Amnesty International urges release of Pussy Riot members

July 30, 2012 RBTH, Interfax

Amnesty International has questioned the objectivity of the trial of the Pussy Riot punk band over its concert at the Church of Christ the Savior in Moscow.

This trial should have never taken place, the human rights watchdog's press secretary for Europe and Central Asia Lydia Aroyo said in a statement that reached Interfax on Monday.

Three Pussy Riot girls are standing trial for their legal protest, not for a crime, and therefore must be immediately released, the statement says.

They dared challenge the two pillars of the Russian establishment - the Kremlin and the Orthodox Church, Aroyo said, adding that even though many people found their action insulting, a potential seven-year prison sentenced for hooliganism is completely inappropriate.

Amnesty International has serious doubts that the defendants - Maria Alyokhina, Yekaterina Samutsevich and Nadezhda Tolokonnikova - will get a fair trial due to a very unfavorable atmosphere fueled by statements from a number of top-level politicians and clerics, Aroyo said.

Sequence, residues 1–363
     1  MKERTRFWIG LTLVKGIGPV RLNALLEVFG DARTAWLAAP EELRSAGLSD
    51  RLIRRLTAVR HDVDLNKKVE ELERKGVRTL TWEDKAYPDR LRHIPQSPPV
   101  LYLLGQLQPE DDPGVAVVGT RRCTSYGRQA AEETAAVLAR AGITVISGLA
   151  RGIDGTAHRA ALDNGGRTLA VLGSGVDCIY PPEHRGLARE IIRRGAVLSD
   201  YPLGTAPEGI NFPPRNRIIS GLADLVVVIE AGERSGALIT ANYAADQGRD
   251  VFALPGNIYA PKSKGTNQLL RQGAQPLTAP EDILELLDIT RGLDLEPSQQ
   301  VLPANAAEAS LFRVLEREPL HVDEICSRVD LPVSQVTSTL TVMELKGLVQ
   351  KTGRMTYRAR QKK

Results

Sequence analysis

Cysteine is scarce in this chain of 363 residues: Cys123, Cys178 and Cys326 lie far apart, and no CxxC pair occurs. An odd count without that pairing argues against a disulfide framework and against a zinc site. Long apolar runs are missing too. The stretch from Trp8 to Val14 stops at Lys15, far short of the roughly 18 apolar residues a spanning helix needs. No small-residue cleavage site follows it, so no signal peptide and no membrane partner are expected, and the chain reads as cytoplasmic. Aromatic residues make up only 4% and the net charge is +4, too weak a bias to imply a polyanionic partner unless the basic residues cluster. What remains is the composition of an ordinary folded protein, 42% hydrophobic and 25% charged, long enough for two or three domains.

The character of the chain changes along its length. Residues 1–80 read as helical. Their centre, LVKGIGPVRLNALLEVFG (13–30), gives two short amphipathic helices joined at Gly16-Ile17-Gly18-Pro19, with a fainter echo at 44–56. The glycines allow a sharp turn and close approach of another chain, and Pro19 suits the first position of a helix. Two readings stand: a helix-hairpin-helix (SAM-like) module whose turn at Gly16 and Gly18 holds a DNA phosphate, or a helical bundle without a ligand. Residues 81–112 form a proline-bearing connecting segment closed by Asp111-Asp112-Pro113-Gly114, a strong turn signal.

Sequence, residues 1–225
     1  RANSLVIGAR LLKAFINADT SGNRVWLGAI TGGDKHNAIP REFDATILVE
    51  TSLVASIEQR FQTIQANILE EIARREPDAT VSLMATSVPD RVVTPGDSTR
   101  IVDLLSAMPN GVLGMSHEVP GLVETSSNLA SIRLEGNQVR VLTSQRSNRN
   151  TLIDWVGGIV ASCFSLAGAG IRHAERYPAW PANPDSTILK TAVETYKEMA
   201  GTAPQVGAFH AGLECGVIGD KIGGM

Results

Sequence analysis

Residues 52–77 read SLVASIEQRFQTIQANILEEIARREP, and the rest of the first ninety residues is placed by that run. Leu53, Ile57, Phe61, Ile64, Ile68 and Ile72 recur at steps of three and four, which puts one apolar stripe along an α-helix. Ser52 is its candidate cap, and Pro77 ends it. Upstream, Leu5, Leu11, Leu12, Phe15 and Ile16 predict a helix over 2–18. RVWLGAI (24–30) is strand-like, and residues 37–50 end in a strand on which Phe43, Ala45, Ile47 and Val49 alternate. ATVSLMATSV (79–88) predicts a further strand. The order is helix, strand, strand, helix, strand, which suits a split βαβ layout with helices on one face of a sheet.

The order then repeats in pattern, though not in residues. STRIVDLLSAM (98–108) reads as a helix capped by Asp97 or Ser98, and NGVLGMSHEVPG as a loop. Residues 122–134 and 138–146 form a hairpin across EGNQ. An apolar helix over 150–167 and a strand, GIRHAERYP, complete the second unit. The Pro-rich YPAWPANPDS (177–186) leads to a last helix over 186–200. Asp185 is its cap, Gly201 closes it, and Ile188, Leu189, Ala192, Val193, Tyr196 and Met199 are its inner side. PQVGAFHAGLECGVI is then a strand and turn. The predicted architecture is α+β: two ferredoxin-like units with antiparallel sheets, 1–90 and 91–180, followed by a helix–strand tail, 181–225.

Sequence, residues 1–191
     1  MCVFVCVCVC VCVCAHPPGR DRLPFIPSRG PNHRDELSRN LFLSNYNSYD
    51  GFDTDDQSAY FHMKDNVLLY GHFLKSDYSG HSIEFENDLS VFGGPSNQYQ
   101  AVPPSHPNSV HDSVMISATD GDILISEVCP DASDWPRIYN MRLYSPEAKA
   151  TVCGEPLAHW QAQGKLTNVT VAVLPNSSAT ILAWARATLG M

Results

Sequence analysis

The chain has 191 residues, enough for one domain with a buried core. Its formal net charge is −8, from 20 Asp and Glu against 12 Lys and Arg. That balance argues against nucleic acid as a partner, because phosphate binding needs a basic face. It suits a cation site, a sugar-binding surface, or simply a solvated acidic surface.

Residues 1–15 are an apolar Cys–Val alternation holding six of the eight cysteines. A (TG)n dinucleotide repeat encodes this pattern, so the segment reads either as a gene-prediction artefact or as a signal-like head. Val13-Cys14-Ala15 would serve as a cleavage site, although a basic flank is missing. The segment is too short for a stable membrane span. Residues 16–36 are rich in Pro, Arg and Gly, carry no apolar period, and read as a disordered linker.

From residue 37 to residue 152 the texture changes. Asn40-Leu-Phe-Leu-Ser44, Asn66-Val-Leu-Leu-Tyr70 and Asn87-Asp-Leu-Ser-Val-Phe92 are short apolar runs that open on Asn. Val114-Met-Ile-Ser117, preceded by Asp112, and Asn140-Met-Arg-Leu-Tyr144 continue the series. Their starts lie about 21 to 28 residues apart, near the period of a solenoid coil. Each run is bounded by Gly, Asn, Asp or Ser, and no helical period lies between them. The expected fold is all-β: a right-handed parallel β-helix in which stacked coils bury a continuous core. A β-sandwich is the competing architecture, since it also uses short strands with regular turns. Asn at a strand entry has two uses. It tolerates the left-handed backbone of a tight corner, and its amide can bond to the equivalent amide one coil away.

Quite evidently, it's a politically motivated trial, she said.

The trial resumed on Monday. Nadezhda Tolokonnikova refused to plead guilty.

"Our refusal to plead guilty of the charges specified in Part 2, Article 213 of the Russian Criminal Code does not mean that we are not ready to explain our actions or to apologize for hurt feelings," she said in a statement read by her lawyer Violetta Volkova at Monday's hearing.

"My ethical assessment of Pussy Riot's punk prayer is as follows: it was an ethical mistake on our part to let our planned surprise punk concert belonging to the political genre to be taken into a church. But it hadn't even occurred to us back then that our actions could be insulting to anyone," Tolokonnikova said.

The prosecutor accused the Pussy Riot girls of carrying out a premeditated action aimed at insulting the feeling of believers.

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